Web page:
Fig1: Impact of CVB infection on beta cell function and survival. CVB binds to CAR, PVR, and/or integrin αvβ3 at the plasma membrane of the beta cell. Upon entry and translocation into the cytoplasm, the sense-stranded CVB RNA is translated in a PTBP1-mediated, IRES-dependent fashion by the host machinery. Cap-dependent translation of host cell proteins is inhibited through cleavage of eIF4G and PABP. Glucose-stimulated translation of insulin secretory granule (SG) cargoes is, however, unaffected being itself cap-independent and reliant on PTBP1, which in CVB-infected cells undergoes a massive nucleo-cytoplasmic translocation. Insulin secretion is nevertheless impaired and granule stores are depleted due to the targeting of their cargo proteins to intracellular disposal. Recognition of viral dsRNA by dsRNA sensors activates the antiviral response with production and secretion of pro-inflammatory cytokines and upregulation of MHC class I molecules. Additionally, dsRNA activates PKR with inhibition of the antiapoptotic Mcl-1 and thereby release of pro-apoptotic Bim and activation of the mitochondrial caspase cascade leading to apoptosis. Apoptosis can be further induced by pro-inflammatory cytokines and switch to necrosis in case of concomitant ATP depletion

Mentions: CVBs are small, non-enveloped, positive-stranded RNA viruses containing an icosahedral capsid of ∼30 nm in diameter that consist of four viral proteins (VP1-VP4) [40]. To invade the host cell, they primarily use the coxsackievirus and adenovirus receptor (CAR) [45] but also the decay-accelerating factor (DAF) [46] (Table 1). CAR is expressed in both alpha and beta cells of human pancreatic islets [47] while DAF has not been detected in human islets [28]. Poliovirus receptor (PVR) and integrin αvβ3 can also mediate CVB entry, as antibodies against them protected human beta cells from CVB4 and CVB5 infection [28] (Fig. 1).Table 1


Mechanisms of Beta Cell Dysfunction Associated With Viral Infection.

Petzold A, Solimena M, Knoch KP - Curr. Diab. Rep. (2015)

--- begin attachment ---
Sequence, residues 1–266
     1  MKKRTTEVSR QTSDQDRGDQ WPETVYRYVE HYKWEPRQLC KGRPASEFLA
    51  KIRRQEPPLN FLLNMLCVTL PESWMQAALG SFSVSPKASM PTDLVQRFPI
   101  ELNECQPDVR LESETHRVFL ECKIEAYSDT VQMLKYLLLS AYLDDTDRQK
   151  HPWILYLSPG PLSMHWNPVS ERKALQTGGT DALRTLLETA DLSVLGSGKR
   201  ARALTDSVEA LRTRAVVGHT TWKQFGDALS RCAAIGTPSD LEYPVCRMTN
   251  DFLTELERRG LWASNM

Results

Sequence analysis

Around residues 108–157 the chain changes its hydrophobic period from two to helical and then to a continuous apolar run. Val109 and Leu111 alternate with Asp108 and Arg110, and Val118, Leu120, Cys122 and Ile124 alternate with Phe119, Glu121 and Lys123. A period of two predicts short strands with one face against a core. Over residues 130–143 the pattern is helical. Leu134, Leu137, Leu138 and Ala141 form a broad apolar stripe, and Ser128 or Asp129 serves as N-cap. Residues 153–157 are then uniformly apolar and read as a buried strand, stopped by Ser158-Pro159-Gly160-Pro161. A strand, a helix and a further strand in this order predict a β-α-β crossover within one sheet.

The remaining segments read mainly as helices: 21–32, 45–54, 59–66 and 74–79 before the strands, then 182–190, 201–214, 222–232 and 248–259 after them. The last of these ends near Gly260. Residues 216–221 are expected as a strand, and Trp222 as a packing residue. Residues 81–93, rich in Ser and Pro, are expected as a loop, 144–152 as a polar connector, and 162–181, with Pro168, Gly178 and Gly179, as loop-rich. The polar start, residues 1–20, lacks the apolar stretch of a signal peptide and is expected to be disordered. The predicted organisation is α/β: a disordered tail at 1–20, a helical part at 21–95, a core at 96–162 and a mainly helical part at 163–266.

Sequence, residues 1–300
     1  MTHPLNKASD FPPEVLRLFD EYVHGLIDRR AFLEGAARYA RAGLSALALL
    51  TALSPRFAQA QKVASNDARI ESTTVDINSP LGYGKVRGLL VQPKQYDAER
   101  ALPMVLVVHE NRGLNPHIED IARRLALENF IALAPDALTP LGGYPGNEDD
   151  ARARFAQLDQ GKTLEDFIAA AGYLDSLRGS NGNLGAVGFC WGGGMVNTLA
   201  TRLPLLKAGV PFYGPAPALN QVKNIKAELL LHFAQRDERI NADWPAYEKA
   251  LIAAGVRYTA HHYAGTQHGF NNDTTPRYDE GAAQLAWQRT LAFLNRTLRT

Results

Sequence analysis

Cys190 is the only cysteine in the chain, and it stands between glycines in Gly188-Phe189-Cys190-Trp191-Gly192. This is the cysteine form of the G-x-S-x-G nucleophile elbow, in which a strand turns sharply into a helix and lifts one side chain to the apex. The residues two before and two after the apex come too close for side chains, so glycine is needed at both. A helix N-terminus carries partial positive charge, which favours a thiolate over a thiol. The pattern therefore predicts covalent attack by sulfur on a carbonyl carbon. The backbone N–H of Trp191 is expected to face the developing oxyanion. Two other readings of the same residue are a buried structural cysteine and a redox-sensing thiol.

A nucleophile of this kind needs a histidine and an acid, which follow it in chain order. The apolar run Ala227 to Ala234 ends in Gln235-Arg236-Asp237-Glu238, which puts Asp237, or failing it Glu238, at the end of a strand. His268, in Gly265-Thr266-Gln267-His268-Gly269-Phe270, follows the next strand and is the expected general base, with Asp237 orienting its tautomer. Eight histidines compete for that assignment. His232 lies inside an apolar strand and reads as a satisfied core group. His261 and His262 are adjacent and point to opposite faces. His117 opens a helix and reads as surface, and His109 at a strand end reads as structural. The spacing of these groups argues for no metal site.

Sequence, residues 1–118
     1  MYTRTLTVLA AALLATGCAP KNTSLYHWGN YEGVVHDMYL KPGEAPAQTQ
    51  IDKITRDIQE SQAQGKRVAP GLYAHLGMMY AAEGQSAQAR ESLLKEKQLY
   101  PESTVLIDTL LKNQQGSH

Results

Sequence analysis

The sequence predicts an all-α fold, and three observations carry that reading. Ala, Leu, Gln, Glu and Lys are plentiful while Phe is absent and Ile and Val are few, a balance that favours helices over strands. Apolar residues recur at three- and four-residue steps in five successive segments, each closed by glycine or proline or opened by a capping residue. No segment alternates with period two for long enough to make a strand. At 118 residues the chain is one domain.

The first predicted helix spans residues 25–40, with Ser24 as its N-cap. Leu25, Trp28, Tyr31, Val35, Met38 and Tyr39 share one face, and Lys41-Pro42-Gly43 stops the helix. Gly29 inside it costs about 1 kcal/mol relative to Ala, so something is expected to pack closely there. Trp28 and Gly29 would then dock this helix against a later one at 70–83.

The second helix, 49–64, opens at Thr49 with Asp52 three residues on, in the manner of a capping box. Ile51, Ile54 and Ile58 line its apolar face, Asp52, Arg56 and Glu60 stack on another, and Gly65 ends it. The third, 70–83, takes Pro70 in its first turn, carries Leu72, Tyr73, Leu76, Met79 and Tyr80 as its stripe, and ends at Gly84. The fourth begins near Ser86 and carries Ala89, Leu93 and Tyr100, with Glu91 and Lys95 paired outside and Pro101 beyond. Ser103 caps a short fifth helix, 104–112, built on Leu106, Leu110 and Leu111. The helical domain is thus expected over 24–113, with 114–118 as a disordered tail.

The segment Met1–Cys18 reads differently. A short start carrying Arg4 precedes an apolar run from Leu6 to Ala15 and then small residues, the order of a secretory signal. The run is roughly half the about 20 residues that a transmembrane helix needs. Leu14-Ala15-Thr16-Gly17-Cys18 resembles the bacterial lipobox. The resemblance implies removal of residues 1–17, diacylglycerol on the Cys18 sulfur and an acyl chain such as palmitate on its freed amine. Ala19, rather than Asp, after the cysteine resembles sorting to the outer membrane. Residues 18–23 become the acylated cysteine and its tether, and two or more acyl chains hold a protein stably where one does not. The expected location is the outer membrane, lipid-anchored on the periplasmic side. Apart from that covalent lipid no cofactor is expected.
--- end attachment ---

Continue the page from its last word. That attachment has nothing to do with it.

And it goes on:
Impact of CVB infection on beta cell function and survival. CVB binds to CAR, PVR, and/or integrin αvβ3 at the plasma membrane of the beta cell. Upon entry and translocation into the cytoplasm, the sense-stranded CVB RNA is translated in a PTBP1-mediated, IRES-dependent fashion by the host machinery. Cap-dependent translation of host cell proteins is inhibited through cleavage of eIF4G and PABP. Glucose-stimulated translation of insulin secretory granule (SG) cargoes is, however, unaffected being itself cap-independent and reliant on PTBP1, which in CVB-infected cells undergoes a massive nucleo-cytoplasmic translocation. Insulin secretion is nevertheless impaired and granule stores are depleted due to the targeting of their cargo proteins to intracellular disposal. Recognition of viral dsRNA by dsRNA sensors activates the antiviral response with production and secretion of pro-inflammatory cytokines and upregulation of MHC class I molecules. Additionally, dsRNA activates PKR with inhibition of the antiapoptotic Mcl-1 and thereby release of pro-apoptotic Bim and activation of the mitochondrial caspase cascade leading to apoptosis. Apoptosis can be further induced by pro-inflammatory cytokines and switch to necrosis in case of concomitant ATP depletion
© Copyright Policy - OpenAccess
Related In: Results  -  Collection

Show All Figures
getmorefigures.php?uid=PMC4539350&req=5